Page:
This course covers advanced troubleshooting techniques for alarm detection, low-voltage power, and other types of circuits used in alarm systems, specifically the wiring and cabling portion of the systems. Students are introduced to more complex circuits and circuit faults requiring advanced skills. Specialized equipment for troubleshooting circuit faults, including tone tracers, cable testers, insulation testers, time-domain reflectometers, and data loggers, are discussed and demonstrated. After completion of the course, students should be able to identify and troubleshoot more advanced circuit problems, including shorts, high-resistance shorts, opens, grounds, intermittent faults, excessive voltage loss, polarity reversals, excessive current draw, and similar conditions. Students will also be able to identify installation techniques, including the selection of conductors, to minimize the likelihood of future circuit problems.

Preparing for the NC SP-LV Electrical Examination

This course reviews subject areas from the NEC applicable to the SP-LV (special low voltage) classification examination, as well as administrative requirements of the NCBEEC. The Course concentrates on the NEC requirements for the installation of low-voltage and power-limited circuits for security and fire alarm systems, but also addresses other subject areas as described by the NCBEEC in their information for applicants. Students should have a better understanding of installation and wiring methods for these systems, including requirements from other important NEC Articles. This course covers NEC, in great detail and is very fast-paced. It will help people who need to pass the examination, as well as new and older employees in the company. It is intended for serious students. Some familiarity with the NEC is expected. It is strongly recommended that students bring a copy of the Code (2002) to class in order to participate in exercises.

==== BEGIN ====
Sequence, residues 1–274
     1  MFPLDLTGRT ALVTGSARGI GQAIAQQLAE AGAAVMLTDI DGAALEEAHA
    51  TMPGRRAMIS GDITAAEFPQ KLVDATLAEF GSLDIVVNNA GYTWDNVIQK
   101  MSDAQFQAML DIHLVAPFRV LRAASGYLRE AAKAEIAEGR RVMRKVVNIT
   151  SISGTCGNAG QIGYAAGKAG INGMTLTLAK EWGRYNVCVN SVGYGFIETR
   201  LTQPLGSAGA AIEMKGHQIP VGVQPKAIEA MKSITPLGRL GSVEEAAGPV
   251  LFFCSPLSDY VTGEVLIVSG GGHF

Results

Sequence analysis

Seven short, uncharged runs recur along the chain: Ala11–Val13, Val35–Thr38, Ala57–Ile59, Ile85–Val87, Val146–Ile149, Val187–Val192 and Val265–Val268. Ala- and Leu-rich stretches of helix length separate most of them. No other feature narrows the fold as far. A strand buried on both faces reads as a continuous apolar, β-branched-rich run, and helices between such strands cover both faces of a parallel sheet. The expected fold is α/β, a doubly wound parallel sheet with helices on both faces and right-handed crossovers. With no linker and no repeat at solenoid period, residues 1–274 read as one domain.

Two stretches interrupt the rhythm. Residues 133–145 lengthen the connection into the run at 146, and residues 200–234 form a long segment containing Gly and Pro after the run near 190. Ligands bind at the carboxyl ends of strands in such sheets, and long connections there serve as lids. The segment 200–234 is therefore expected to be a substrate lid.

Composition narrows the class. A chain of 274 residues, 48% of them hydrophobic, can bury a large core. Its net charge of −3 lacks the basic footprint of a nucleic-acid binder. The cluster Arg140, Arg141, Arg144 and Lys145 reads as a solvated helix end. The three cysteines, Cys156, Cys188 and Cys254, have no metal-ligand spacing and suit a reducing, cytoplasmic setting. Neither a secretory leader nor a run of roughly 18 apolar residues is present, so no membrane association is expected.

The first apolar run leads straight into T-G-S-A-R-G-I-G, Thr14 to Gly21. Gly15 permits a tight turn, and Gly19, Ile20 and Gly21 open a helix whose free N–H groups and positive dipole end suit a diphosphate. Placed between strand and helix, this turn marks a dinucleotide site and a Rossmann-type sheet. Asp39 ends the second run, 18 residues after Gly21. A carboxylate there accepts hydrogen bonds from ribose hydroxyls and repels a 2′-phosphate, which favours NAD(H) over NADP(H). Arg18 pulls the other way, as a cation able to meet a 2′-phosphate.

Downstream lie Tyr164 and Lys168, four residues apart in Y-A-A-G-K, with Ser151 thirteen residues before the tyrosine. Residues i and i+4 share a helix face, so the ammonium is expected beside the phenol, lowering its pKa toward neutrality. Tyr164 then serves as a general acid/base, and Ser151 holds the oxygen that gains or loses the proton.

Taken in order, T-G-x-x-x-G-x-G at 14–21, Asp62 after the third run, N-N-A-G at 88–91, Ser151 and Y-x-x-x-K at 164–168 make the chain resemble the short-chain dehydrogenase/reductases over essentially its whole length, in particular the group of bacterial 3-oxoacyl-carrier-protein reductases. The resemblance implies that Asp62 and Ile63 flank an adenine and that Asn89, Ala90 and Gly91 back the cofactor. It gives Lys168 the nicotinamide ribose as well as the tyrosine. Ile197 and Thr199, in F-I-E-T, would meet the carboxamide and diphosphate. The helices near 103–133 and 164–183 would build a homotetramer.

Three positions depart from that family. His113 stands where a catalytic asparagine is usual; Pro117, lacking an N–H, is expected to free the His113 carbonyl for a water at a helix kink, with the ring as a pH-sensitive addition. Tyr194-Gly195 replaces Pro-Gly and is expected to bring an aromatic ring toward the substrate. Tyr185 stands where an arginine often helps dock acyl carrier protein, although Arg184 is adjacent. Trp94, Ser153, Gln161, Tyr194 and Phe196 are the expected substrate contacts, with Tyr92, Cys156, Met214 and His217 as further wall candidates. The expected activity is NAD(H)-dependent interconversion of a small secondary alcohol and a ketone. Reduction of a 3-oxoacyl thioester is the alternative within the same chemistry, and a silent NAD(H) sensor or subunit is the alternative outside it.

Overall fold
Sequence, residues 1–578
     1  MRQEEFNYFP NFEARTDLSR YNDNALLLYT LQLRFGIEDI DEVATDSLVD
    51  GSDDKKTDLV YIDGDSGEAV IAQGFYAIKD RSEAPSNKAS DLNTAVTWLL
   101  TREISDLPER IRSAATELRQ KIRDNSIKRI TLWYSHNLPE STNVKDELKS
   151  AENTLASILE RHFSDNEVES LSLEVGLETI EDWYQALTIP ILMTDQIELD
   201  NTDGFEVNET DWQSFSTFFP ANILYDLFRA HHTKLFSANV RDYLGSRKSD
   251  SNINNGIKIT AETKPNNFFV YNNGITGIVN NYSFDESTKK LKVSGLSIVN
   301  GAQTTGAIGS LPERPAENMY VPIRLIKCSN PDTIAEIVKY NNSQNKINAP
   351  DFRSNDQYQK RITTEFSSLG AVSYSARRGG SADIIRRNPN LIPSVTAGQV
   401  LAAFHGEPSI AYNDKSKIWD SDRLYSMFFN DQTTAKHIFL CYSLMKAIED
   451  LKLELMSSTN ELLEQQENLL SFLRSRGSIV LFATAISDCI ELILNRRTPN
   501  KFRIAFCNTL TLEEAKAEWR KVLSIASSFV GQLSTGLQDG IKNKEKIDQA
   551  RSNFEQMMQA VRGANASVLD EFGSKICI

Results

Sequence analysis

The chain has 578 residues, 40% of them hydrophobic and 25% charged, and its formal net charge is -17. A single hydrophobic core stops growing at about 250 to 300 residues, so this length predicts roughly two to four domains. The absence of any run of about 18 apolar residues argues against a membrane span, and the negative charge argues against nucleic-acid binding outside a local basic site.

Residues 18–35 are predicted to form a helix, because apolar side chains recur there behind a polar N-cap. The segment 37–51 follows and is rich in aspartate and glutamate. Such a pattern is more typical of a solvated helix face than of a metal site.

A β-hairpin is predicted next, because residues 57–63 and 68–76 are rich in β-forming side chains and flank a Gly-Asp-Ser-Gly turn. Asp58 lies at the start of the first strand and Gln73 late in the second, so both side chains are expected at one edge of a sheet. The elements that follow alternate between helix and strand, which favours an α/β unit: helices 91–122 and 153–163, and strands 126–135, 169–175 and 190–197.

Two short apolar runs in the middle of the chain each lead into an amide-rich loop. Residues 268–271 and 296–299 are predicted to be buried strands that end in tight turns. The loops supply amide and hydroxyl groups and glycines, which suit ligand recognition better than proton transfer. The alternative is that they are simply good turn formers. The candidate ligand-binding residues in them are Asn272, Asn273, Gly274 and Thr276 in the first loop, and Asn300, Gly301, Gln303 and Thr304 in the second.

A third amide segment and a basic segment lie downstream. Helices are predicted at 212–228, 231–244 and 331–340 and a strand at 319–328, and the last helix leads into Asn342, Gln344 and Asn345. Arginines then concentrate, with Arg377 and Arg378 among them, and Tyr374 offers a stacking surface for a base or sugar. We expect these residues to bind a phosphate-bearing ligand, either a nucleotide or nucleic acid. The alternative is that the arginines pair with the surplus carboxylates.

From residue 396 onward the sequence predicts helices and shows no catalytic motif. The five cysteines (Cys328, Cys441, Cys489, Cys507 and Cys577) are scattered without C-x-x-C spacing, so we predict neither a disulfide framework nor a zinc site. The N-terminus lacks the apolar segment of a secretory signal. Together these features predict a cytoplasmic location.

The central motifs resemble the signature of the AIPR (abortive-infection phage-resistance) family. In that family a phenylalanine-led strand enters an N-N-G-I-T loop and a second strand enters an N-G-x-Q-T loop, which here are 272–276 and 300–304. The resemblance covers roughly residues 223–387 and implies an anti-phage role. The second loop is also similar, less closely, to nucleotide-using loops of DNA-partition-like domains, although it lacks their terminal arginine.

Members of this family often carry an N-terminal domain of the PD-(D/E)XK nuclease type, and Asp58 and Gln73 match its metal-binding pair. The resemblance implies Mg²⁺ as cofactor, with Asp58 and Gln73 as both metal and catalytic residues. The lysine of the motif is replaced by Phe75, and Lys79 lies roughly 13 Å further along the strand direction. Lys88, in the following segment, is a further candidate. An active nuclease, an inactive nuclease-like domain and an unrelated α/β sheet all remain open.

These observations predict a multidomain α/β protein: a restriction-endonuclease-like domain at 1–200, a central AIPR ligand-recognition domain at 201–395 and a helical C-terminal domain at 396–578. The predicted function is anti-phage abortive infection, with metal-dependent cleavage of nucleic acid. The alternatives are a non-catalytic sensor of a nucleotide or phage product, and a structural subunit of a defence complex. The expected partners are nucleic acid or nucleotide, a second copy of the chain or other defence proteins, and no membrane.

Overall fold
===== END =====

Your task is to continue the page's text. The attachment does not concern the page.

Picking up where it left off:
Writing SQL Reports

The SQL reporting class will cover how to write reports with SQL. It is designed for users with no or little knowledge of SQL, and starts from the ground up. Taught by example, the course starts with the most basic SQL statements, and builds on them to show how complex queries can be written. All of the necessary SQL concepts are explained, with examples, giving students the base that they need to understand the underlying concepts. Inserting, deleting and updating are also covered, as well as security and data integrity issues with this functionality.

CARMA Training

This course is an in-depth look at how to effectively use and administrate CARMA. CARMA is a powerful reporting system that allows non-technical users to query their Picture Perfect system to generate a wide variety of reports. The course will cover all available reporting features, including Badge History, Alarm History, Operator History, Card holder Reports, exporting images, and more. The course will also cover the basic administration and configuration of CARMA, and how to adjust the import settings to retain more history data, change the import frequency, and more.